Hawaii rapist sues to join work furlough program


HONOLULU — A convicted rapist who has served more than 30 years in prison after being sentenced to 12 life terms has filed a lawsuit against state officials claiming he has a right to join a work furlough program.

John Freudenberg, 54, dubbed the “Manoa Rapist” in the early 1980s, sued Department of Public Safety Director Ted Sakai and Corrections Division head Max Otani, the Honolulu Star-Advertiser reported Friday.

In the lawsuit filed in federal court, Freudenberg says the Hawaii Paroling Authority since 1996 has repeatedly recommended him for work furlough as a precursor to parole. However, Sakai, Otani and their predecessors kept him from the program, he said.

The furlough program allows inmates to work or look for work during the day and return to Laumaka Work Furlough Center at night.

Public Safety spokeswoman Toni Schwartz said the department will not comment on pending litigation.

Freudenberg was charged with a string of home break-ins and sexual assaults over 14 months, the newspaper said.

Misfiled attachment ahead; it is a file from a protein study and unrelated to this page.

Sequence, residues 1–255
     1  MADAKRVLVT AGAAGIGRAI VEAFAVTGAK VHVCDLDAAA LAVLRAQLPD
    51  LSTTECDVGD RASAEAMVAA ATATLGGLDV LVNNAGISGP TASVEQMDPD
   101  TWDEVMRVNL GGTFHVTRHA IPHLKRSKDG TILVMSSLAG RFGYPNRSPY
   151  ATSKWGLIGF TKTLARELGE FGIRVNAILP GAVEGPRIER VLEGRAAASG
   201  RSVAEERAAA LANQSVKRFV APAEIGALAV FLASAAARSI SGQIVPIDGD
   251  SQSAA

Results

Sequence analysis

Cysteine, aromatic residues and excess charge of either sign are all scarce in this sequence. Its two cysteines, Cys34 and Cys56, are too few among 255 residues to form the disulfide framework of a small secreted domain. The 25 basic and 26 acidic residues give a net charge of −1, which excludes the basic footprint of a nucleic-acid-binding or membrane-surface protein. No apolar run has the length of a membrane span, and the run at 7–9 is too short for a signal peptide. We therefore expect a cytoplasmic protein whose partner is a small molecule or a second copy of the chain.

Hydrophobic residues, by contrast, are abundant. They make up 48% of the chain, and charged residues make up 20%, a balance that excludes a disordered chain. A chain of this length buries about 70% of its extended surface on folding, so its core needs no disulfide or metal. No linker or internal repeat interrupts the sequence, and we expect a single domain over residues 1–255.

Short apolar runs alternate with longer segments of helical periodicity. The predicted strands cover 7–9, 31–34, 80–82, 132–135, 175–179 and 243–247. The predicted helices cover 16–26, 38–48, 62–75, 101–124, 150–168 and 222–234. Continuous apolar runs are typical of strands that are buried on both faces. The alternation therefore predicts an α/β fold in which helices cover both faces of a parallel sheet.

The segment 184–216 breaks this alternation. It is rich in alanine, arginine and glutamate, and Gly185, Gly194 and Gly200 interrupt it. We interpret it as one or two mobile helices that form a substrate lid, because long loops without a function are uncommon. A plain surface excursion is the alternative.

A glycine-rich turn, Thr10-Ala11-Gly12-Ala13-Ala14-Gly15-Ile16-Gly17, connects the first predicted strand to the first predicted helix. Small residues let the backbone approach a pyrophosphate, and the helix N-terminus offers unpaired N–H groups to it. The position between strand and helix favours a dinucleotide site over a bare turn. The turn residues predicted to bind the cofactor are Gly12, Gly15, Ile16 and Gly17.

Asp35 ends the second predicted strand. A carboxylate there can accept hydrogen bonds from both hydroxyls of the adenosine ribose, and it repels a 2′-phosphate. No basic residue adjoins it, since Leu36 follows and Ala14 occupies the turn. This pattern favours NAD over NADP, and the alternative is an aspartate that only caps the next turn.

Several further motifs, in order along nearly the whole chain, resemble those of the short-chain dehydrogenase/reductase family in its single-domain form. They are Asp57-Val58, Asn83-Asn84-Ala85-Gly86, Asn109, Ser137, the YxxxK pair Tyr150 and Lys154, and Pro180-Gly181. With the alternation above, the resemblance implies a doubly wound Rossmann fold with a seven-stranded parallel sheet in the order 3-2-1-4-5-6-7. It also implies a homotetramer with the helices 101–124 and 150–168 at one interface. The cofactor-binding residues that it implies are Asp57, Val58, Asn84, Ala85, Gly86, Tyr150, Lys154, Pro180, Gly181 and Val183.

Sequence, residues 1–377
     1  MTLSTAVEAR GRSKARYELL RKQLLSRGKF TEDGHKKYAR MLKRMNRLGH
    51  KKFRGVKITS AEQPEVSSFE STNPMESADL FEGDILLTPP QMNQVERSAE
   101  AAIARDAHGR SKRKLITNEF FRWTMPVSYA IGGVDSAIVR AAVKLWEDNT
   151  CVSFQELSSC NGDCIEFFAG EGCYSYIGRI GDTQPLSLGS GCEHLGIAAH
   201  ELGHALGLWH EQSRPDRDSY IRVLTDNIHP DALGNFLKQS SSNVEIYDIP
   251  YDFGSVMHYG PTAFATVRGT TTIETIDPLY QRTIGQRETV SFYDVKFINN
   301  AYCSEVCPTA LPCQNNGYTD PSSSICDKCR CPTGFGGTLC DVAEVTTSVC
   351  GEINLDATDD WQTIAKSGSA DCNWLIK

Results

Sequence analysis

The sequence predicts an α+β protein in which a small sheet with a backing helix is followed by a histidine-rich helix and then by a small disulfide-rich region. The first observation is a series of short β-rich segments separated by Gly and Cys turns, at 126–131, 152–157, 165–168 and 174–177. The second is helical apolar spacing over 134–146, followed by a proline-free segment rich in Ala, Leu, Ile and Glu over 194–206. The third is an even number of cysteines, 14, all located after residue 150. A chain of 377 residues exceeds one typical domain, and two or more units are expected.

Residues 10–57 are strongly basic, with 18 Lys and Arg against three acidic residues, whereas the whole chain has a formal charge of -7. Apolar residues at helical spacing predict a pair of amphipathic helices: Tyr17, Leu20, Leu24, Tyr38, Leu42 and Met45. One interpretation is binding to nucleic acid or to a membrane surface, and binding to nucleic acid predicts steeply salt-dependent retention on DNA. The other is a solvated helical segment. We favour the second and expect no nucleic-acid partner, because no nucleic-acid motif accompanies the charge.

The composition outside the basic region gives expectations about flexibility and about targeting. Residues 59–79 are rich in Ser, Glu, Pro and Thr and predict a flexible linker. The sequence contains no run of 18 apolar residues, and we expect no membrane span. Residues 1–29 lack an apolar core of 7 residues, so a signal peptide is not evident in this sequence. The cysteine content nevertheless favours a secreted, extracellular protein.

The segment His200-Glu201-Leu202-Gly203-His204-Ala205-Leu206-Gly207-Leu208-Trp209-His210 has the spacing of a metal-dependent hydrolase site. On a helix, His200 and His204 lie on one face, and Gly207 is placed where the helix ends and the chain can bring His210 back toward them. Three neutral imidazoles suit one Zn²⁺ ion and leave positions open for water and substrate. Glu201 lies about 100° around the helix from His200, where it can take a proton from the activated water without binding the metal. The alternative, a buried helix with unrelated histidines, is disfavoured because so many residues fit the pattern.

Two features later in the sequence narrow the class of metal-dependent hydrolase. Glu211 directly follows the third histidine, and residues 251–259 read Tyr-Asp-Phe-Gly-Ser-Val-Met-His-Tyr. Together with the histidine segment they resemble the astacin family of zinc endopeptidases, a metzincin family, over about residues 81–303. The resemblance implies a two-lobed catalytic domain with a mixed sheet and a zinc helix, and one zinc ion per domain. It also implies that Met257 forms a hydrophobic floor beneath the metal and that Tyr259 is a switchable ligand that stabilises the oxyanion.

He pleaded guilty in 1983 to seven counts of rape and attempted rape, five counts of sodomy and attempted sodomy, 19 counts of burglary and attempted burglary, and six counts of sexual abuse.

In 1984, Freudenberg was sentenced to 12 life prison terms and multiple 20- and 10-year terms.

The Hawaii Paroling Authority told Freudenberg he would spend at least 20 years in prison before he was eligible for parole. The authority in 1990 reduced that to 14 years.

Freudenberg lawyer Myles Breiner said his client has been denied access to the furlough program because “they’re taking the position that Freudenberg is in a special category. He’s not.”

Department statistics show that only 3 percent of Hawaii felons convicted of sex crimes re-offend. Sexual offenders assessed to be at greater risk of reoffending have been put on work furlough, he said.

Sakai and Otani may have rejected Freudenberg because of opposition from Honolulu Prosecutor Keith Kaneshiro, Breiner said.

Kaneshiro said he has a duty to protect the public.

“I opposed work furlough for Freudenberg because of his acts and because I believe he continues to pose a threat to the community,” he said.